Coach Earnings: North America Weakness Hides Gains Made In China, Men’s Business

by Trefis Team
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Coach (NYSE:COH), a leading American marketer of luxury handbags and other fashion accessories, posted lackluster results in Q3 fiscal 2014, and saw its shares drop by about 10% since the earnings announcement. [1]

Coach’s sales in North America dropped by 18% in Q3 fiscal 2014, with a  21% fall in comparable store sales.  [2] Significant decline in North American sales was enough to offset the gains made by Coach in its men’s, footwear and international businesses. North America contributes around two-third of Coach’s sales, and the company has been losing market share to competitors like Michael Kors, Kate Spade and Tory Burch over consecutive quarters. We believe Coach will continue to struggle in the North American market in the near future due to increased competition. [3]

We are in the process of revising our $59.50 price estimate for Coach’s stock to incorporate the changes due to the latest quarterly earnings.

Coach’s Transformation Strategy Still Not Fully Effective

Over the past few quarters, Coach has changed its approach to products, stores and marketing. The company is moving from its core competency of women’s handbags to becoming a dual-gender lifestyle brand. Additionally, Coach has decided to leverage its brand name and expand into footwear, accessories, apparel, jewelry and eye wear categories. Coach’s Men’s Business represented 15% of the company’s global sales this quarter. The company also expanded the distribution of its footwear considerably in international markets. [3]

Coach has also decided to change the look and feel of its stores to be more in sync with its new brand image. To this end, the company announced a partnership with Studio Sofield. They plan to work with William Sofield over the coming quarters to make sure the store experience accurately reflects the company’s multi-category merchandizing. [4] The company has also changed its marketing campaigns to come across as a dual-gender lifestyle brand as opposed to a brand focused on selling handbags to women. However, Coach’s financial performance hasn’t yet been able to capture the effects of this transformational strategy. We will have to wait a few more quarters to see if this change in brand strategy is successful in revivifying the Coach brand. [5]

International Business Represents Long-Term Growth Driver

Coach’s international sales rose by 20% in constant dollar terms to reach $441 million from $385 million last year. China continues to be a sweet spot for the company as sales grew by over 25% in the region, driven by increased distribution and double digit comparable stores sales growth. The company has major expansion plans in China as it expects to grow its square footage by around 25% in the region during the fiscal year. It also forecasts sales to grow by more than 20% in China during the entire fiscal year.  Coach’s sales in the other Asian markets of Korea, Taiwan, Malaysia and Singapore also continued to grow at a strong double-digit rate for the quarter with comparable store sales gains.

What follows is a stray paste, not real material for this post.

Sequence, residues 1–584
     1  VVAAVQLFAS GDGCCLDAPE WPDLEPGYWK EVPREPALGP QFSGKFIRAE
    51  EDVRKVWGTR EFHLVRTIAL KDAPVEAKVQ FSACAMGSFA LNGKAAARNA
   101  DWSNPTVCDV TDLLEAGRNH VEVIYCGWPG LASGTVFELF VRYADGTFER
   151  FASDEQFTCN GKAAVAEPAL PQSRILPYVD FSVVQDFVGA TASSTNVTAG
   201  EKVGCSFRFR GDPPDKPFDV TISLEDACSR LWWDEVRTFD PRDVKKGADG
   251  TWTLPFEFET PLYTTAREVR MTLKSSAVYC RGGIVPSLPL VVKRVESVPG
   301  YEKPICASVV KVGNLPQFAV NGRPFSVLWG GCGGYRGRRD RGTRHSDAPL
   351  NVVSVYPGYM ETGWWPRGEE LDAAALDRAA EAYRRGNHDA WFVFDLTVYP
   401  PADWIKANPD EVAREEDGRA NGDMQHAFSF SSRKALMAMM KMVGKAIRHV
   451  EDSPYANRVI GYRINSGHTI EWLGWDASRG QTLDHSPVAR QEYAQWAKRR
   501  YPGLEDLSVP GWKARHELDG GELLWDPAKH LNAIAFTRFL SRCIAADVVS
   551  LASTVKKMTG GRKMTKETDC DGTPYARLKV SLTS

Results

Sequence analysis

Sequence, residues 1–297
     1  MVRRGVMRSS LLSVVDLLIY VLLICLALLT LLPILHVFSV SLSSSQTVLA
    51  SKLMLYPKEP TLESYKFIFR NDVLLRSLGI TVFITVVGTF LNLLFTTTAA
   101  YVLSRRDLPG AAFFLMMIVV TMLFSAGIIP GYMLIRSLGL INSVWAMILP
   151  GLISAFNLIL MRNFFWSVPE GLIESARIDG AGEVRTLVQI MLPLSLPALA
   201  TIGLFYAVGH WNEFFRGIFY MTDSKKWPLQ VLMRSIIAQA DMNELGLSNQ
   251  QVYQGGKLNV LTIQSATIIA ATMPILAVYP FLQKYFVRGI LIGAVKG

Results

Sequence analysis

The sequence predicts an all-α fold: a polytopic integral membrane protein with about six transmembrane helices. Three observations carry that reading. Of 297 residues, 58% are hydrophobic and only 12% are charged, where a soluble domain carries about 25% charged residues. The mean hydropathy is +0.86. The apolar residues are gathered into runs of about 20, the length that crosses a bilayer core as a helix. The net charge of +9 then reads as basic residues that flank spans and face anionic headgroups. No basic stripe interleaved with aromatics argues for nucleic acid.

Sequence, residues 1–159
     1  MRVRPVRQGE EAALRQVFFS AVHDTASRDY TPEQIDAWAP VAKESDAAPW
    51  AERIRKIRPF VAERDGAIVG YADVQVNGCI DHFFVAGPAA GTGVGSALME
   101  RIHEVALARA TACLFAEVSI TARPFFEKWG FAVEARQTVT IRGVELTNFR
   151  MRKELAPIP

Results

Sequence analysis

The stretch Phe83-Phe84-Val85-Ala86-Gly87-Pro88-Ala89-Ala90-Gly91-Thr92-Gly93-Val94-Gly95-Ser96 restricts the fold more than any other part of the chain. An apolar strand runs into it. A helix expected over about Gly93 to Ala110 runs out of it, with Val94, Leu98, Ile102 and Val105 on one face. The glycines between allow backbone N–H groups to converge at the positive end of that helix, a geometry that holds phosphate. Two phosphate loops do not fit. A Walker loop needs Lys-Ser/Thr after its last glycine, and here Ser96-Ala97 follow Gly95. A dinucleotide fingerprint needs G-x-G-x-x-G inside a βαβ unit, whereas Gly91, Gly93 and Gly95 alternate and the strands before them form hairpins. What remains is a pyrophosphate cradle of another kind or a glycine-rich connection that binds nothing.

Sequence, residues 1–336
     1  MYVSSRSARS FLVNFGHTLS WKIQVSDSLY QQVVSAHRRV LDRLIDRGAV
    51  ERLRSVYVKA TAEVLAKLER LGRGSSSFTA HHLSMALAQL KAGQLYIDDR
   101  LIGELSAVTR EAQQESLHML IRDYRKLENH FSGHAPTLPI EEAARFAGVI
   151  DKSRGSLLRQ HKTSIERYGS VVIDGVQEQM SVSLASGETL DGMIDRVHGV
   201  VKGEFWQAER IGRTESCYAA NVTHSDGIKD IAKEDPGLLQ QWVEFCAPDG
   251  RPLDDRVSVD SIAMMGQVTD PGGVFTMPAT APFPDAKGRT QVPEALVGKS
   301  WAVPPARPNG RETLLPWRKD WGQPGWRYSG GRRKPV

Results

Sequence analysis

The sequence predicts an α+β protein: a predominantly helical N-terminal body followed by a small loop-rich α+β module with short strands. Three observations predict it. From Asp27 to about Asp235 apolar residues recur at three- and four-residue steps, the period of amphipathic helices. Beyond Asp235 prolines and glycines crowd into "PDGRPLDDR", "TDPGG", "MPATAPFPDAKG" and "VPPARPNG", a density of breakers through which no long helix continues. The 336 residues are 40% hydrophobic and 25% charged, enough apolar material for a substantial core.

In Japan, the company realized a 10% increase in constant currency terms due in large part to a surge in demand related to the April consumption tax increase. However, dollar sales declined 2% reflecting the weaker yen. In Q4, we expect a reversal of this trend which should bring the annual sales back in line with first half trends.

Coach also aims to grow its distributor-run business in Latin America, other Asia-Pacific countries (Australia, Thailand and Indonesia) and in the Middle East. Due to these measures, we think the proportion of international sales in Coach’s overall sales will increase in the future. [6]

North America Disappoints Again

Total revenues in North America fell by 18% for the quarter with a decline in same store sales of 21%. The company management attributed this decline to the overall retail slowdown from weather and the Easter shift. We think that some of the decline is attributable to the overall slowdown in retail spending but some of the decline is of a piece with the poor performance of Coach’s women’s handbags and accessories business over the last few quarters.

While in the recent past, the company has been able to minimize the impact of slowing in-store traffic through internet sales, its online business did not contribute positively to overall North America sales this quarter. Year-on-year comparisons suffered due to the strategic decisions to eliminate third-party flash events in fiscal 2014 and limit the access and invitations to its factory flash site. [3]

Coach’s higher priced products exhibited strength as the above $400 price bucket grew in penetration and represented 21% of handbag sales, with products priced $600 and higher performing the best. However, it is clear that the performance of the company’s $200-$400 products continues to suffer. The penetration of Coach’s footwear products rose from 6% to 8% this quarter, in about 174 retail locations. However, this is still too small a contributor to the overall assortment of products offered by the company and growth in this segment cannot offset the decline in the company’s core products. [3]

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Notes:
  1. Coach Sliding After North American Comparable Sales Plunge 21%, Forbes, April 2014 []
  2. Coach Reports Third Quarter Earnings of $0.68, Seeking Alpha, April 2014 []
  3. Coach Q3 FY14 Earnings Call Transcript, Seeking Alpha, April 2014 [] [] [] []
  4. Coach’s New New York Stores []
  5. Coach To Partner With Studio Sofield For New Store Concept, Yahoo Finance, April 2014 []
  6. Coach Q2 FY14 Earnings Call Transcript []
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